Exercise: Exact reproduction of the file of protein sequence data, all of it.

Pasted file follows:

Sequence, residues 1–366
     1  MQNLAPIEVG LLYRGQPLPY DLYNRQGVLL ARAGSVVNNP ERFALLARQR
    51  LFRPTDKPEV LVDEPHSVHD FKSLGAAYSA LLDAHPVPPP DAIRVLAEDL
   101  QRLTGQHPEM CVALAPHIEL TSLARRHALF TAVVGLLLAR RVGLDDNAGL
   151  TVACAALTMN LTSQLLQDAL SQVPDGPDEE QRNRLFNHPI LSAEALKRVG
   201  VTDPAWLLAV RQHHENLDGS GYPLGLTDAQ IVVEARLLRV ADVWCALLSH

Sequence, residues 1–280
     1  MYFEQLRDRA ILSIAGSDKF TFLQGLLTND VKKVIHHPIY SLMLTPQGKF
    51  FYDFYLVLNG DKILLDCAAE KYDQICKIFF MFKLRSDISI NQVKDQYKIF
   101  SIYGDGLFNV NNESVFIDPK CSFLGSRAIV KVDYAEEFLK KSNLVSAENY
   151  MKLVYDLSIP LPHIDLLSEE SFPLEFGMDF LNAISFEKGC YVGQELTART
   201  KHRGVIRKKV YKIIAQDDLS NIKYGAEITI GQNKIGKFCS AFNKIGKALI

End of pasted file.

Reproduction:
Sequence, residues 1–366
     1  MQNLAPIEVG LLYRGQPLPY DLYNRQGVLL ARAGSVVNNP ERFALLARQR
    51  LFRPTDKPEV LVDEPHSVHD FKSLGAAYSA LLDAHPVPPP DAIRVLAEDL
   101  QRLTGQHPEM CVALAPHIEL TSLARRHALF TAVVGLLLAR RVGLDDNAGL
   151  TVACAALTMN LTSQLLQDAL SQVPDGPDEE QRNRLFNHPI LSAEALKRVG
   201  VTDPAWLLAV RQHHENLDGS GYPLGLTDAQ IVVEARLLRV ADVWCALLSH

Sequence, residues 1–280
     1  MYFEQLRDRA ILSIAGSDKF TFLQGLLTND VKKVIHHPIY SLMLTPQGKF
    51  FYDFYLVLNG DKILLDCAAE KYDQICKIFF MFKLRSDISI NQVKDQYKIF
   101  SIYGDGLFNV NNESVFIDPK CSFLGSRAIV KVDYAEEFLK KSNLVSAENY
   151  MKLVYDLSIP LPHIDLLSEE SFPLEFGMDF LNAISFEKGC YVGQELTART
   201  KHRGVIRKKV YKIIAQDDLS NIKYGAEITI GQNKIGKFCS AFNKIGKALI